Balsamico Tradizionale di Reggio-Emilia - Gold 100ml
This gold label Balsamico Tradizionale is considered to be the best of the best. It has a perfect agro-dolce balance of sweet and sour combined with harmonious hints of the wooden barrels used in aging.
Acetaia San Giacomo, from Emilia Romagna, is proud of producing balsamics that consistently go above and beyond the consortium requirements for quality grapes and traditional methods of production, making their balsamics singularly delicious. This gold label Balsamico Tradizionale is considered to be the best of the best.
It has a perfect agro-dolce balance of sweet and sour combined with harmonious hints of the wooden barrels used in aging. It has a super viscous body that pours very slowly, making it perfect for drizzling out in small quantities over a nicely aged piece of Parmigiano Reggiano.
For more information on balsamic vinegars, please visit our balsamic education section.
|Country of Origin||Italy|
|Producer||Acetaia San Giacomo|
|Vinegar Type||Balsamic Vinegar|
Acetaia San Giacomo
We discovered this wonderful producer of balsamico at the Salone del Gusto in Turin Italy. Andrea Bezzecchi produces his vinegars in Reggio Emilia which is just Northwest of the more well known town of Modena. Andrea set a new standard for balsamic vinegar by using exclusively cooked grape must as the base of each vinegar. By comparison, Aceto Balsamico di Modena allows use of up to 40% wine vinegar which is a substantially less expensive ingredient.
While this is the standard for the highest level Balsamico Tradizionale di Reggio Emilia, it is not typically found in younger vinegars.
The result is a range of vinegars with a balance of fresh fruit character and deeply aged vinegar flavors.
Andrea chooses the best Italian grapes from his region and gives each batch undivided attention as the must is cooked, fermented, acetified and aged.
Vinegar Use and Care
Caring for Your Vinegar
What is vinegar?
Vinegar from the French Vin (wine) Aigre (sour), as with many delicious food products comes to us by way of gradual chemical changes resulting from exposure to natural elements such as time, bacteria and oxygen. Yet you'd be mistaken to consider the process of making fine vinegar as simply letting some wine sit out on your counter for a month or two.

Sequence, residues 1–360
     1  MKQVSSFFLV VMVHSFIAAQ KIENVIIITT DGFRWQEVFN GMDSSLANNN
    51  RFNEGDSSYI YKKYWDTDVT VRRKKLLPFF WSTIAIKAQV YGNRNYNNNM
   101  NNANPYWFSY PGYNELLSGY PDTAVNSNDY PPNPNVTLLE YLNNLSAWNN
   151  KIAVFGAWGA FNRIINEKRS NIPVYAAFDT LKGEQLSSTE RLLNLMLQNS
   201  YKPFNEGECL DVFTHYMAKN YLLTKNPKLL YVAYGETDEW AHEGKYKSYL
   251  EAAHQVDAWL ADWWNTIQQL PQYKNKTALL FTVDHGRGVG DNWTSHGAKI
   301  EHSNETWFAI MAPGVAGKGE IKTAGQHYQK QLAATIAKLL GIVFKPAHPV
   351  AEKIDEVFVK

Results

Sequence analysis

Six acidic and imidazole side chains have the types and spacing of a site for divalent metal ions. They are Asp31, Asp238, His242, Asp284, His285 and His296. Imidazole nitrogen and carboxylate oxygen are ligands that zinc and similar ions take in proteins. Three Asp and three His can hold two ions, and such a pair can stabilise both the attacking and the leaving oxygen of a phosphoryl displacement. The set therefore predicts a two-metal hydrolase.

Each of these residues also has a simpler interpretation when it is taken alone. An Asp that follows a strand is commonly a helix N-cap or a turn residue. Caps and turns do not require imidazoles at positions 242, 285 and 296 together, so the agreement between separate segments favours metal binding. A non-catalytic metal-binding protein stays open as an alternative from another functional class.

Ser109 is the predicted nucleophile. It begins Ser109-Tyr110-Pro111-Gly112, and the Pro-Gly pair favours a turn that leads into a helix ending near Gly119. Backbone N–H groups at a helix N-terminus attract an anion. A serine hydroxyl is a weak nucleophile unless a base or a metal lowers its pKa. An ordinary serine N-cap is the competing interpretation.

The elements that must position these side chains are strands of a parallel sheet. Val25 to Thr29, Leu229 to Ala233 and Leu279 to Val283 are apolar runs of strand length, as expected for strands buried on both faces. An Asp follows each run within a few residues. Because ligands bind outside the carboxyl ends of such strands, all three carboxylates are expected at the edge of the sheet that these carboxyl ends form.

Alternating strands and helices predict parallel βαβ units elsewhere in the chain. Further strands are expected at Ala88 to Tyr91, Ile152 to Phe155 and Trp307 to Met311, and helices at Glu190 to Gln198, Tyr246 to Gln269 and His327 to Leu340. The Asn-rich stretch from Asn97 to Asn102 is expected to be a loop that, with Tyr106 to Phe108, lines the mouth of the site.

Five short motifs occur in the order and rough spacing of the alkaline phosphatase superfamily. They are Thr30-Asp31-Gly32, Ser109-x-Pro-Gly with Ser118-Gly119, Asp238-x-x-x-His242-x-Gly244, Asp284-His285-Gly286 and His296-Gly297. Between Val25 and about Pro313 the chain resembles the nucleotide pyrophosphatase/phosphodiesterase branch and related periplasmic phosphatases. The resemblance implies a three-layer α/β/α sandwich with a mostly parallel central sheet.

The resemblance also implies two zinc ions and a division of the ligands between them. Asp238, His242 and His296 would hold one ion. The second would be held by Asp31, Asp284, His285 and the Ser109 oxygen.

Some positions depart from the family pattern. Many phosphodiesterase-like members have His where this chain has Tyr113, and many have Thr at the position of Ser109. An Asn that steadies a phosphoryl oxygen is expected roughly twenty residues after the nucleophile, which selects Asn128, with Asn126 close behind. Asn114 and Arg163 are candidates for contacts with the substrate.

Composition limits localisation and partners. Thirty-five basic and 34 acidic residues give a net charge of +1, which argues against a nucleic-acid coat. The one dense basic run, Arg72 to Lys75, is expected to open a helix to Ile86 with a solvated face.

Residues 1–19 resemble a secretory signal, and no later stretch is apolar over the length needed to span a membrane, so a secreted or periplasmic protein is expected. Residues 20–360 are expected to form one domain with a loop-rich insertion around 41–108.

Does vinegar go bad?
Caring for your vinegar is pretty simple but there are a few things worth noting. As with many products, the texture, flavor and aromatics of vinegar will change with extensive exposure to heat and light. While it will not technically "go bad" we find that well-stored vinegars maintain the flavors we expect much better than those that might be kept near a hot stove for several months.
Is vinegar sediment ok?
Some vinegars will have a bit of sediment at the bottom of their bottle. This will be the case for unfiltered vinegars and also can happen with vinegars that have been in storage for a long period. This sediment is not harmful and the vinegar will still be good to the last drop.
How is vinegar made?
The most ancient method of vinegar production is today called the continuous method, the surface method, or the more well-known, Orléans process - named after the French city of Orléans which was the center of French vinegar production in the 16th century.
This process is difficult to manage and maintain consistency and it takes a lot of time from raw materials to finished product. We work with a vibrant community of artisan producers committed to producing exceptional vinegars using this more time consuming and labor intensive method.
Most vinegar you'll find in supermarkets is produced using the modern innovation of 'submerged acidification' using industrial acetators to produce vinegar in a matter of hours. These vinegars are functional and inexpensive, but they lack any aromatic complexity and offer limited gastronomic value as compared to the more traditional vinegars.
How do I use vinegar?
Using your vinegar is easy... you likely have your favorite recipes, but here are a few ideas we love:
- A splash of vinegar in sparkling water for a refreshingly vibrant spritz
- A drizzle of balsamic over sliced fresh figs, a hunk of Parmigiano-Reggiano or a bowl of vanilla ice cream
- Quick pickling of vegetables by cooking a solution of vinegar, water, sugar and spices - cool and pour over the cut vegetables and set in fridge for a day
- Add a dash to finish your pasta sauce (balsamic) or your gazpacho (sherry vinegar) for an added dimension of brightness